We have recently been visiting Windows 8 and Windows Server 2012 IT Camps. We will be highlighting some of the new and exciting features in this blog ove the coming months. This post is about the new Windows Server 2012 Data Deduplicationfeature which is part of the fileserver role in Microsoft Windows Server 2012.
This DeDuplication technology works on a number of levels, from files through to disk clusters:
“Deduplication segments files into variable-sizes (32-128 kilobyte chunks) using a new algorithm developed in conjunction with Microsoft research. The chunking module splits a file into a sequence of chunks in a content dependent manner. The system uses a Rabin fingerprint-based sliding window hash on the data stream to identify chunk boundaries. The chunks have an average size of 64KB and they are compressed and placed into a chunk store located in a hidden folder at the root of the volume called the System Volume Information, or “SVI folder”. The normal file is replaced by a small reparse point“
Microsoft have provided a tool that will give an indication of potential savings on file shares that already exist. The tool is called DDPEval.exe and can be found in the following location on a server 2012 installation:
We have run this against a filestore which mainly consists of large ISO files in a software repository:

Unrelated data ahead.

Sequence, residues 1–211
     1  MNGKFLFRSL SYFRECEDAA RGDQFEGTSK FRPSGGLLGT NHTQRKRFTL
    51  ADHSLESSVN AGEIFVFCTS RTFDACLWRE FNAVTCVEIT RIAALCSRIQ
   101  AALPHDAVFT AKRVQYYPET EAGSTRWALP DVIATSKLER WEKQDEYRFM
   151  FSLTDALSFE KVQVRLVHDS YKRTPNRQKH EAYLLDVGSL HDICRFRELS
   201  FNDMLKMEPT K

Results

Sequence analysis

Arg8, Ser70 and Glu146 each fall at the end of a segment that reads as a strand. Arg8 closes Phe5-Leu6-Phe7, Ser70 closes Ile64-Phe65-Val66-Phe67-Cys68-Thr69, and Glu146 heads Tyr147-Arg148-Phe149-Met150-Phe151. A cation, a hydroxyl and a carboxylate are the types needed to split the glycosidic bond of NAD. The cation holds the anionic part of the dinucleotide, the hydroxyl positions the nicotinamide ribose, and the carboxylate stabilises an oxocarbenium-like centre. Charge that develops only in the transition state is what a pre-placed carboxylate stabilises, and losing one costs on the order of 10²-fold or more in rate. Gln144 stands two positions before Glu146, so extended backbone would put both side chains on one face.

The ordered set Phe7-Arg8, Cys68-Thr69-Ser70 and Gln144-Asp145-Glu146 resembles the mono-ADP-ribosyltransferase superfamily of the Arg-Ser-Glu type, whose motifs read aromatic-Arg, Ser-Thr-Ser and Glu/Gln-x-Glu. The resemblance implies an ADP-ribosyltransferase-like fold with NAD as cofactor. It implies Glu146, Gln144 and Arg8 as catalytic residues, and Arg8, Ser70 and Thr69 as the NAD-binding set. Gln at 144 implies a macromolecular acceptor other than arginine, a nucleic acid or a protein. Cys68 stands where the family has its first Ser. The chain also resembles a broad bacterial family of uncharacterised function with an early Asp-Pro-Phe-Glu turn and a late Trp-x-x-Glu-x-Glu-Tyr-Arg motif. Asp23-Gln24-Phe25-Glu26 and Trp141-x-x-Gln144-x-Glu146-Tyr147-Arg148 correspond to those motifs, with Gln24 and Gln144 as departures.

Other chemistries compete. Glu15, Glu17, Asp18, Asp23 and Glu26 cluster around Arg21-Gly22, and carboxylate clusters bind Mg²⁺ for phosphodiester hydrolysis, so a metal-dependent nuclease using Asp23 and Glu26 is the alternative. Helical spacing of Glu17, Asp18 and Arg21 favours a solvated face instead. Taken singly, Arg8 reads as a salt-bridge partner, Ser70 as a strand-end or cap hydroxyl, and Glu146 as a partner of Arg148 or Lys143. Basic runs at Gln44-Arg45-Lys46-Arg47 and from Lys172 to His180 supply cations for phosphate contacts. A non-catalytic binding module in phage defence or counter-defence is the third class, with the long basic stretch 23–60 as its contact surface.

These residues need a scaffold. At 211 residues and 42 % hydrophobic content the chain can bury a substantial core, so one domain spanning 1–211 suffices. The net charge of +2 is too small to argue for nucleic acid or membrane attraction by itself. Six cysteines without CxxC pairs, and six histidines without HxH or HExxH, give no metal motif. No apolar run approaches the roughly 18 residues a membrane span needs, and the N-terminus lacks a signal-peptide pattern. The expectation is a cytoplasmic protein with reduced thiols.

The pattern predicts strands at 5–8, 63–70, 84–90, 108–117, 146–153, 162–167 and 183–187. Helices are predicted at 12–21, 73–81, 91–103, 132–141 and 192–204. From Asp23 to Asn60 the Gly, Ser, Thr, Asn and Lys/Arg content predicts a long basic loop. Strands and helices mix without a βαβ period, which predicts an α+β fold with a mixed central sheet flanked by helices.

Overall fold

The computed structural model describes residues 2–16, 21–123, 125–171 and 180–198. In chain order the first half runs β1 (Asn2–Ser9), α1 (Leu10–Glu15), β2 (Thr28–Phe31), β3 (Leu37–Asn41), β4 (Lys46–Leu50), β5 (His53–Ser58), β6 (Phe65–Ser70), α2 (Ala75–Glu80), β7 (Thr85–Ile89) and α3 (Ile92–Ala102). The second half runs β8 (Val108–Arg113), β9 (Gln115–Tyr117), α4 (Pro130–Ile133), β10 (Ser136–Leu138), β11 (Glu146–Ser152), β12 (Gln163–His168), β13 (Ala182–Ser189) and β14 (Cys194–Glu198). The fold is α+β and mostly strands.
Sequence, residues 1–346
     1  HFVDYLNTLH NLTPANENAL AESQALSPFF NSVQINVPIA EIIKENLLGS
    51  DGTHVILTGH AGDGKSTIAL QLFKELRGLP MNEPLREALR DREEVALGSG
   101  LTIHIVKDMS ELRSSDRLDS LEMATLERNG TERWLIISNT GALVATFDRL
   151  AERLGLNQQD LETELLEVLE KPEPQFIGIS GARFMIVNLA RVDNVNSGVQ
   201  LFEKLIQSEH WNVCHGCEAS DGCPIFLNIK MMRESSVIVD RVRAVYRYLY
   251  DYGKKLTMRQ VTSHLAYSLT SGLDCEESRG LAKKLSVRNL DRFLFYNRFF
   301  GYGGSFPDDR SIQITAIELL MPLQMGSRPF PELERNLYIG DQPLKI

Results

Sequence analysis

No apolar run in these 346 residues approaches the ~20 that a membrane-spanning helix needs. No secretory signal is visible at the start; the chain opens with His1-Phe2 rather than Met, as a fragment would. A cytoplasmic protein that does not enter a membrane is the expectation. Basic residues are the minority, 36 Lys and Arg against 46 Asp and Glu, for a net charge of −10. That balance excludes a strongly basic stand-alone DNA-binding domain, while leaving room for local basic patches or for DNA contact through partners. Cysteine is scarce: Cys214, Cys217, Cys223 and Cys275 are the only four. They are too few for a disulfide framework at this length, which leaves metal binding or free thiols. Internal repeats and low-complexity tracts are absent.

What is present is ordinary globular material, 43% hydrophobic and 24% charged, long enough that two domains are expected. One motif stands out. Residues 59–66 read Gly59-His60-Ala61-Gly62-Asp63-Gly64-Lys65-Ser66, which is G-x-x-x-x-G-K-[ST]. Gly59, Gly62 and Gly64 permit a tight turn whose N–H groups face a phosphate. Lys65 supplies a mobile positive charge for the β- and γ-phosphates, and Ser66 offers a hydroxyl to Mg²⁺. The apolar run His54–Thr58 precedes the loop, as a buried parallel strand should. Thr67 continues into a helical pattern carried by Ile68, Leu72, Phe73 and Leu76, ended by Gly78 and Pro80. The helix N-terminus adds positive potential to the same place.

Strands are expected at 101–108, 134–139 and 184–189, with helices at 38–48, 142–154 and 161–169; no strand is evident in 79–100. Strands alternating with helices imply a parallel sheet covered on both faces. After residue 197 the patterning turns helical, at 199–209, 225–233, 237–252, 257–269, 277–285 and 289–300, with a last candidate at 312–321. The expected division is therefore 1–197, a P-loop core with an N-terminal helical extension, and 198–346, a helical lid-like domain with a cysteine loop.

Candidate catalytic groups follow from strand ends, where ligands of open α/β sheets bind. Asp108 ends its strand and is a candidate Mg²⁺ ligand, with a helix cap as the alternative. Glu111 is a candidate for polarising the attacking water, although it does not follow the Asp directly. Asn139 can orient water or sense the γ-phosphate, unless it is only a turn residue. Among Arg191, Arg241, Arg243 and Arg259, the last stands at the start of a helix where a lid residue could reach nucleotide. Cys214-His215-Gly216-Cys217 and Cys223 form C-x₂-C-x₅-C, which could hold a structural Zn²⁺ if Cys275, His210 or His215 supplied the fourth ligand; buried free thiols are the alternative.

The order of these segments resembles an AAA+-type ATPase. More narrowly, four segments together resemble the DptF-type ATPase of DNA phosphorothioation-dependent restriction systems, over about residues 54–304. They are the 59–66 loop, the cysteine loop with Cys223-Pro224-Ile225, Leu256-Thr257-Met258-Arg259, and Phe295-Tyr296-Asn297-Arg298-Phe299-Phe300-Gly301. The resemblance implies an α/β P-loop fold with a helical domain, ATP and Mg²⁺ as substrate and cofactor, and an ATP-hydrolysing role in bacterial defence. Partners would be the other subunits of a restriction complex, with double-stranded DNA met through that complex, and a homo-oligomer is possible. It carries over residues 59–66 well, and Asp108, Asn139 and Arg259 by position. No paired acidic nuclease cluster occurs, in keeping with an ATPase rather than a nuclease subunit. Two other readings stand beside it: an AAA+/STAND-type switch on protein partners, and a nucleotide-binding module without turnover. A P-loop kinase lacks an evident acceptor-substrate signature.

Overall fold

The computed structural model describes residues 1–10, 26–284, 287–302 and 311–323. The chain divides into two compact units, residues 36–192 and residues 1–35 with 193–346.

As can be seen above the potential savings are 122GB on a 255GB volume which considering that these are already compressed is impressive. we are currently testing further on a selection of volumes and file types and have achieved savings of up to 80% which when considering the price of redundant disk arrays defiantly has potential savings.
If you are going to use Data Deduplication there are a number of things to consider:
Backup, as always, is a vital consideration. If you have 2TB of data on a 1TB volume will it fit if you have to restore it? So we really need a backup application that is aware of deduplication and that can backup, store and restore the data in its optimised state. Unsurprisingly Microsoft have this covered with System Centre Data Protection Manager 2012 SP1.
Consider where to use deduplication, file shares with infrequently changed files or software repositories are the best candidates.
Research the technology as there are many options to optimise the deduplication based on the data that is being optimised and its usage patterns.
There can be issues with file access on deduplicated volumes that are almost full so they need to be monitored and have clean-up jobs run / scheduled.
Copying single large files of a deduplicated volume can take longer.
It is also worth testing this thoroughly in any environment before implementing is a live system.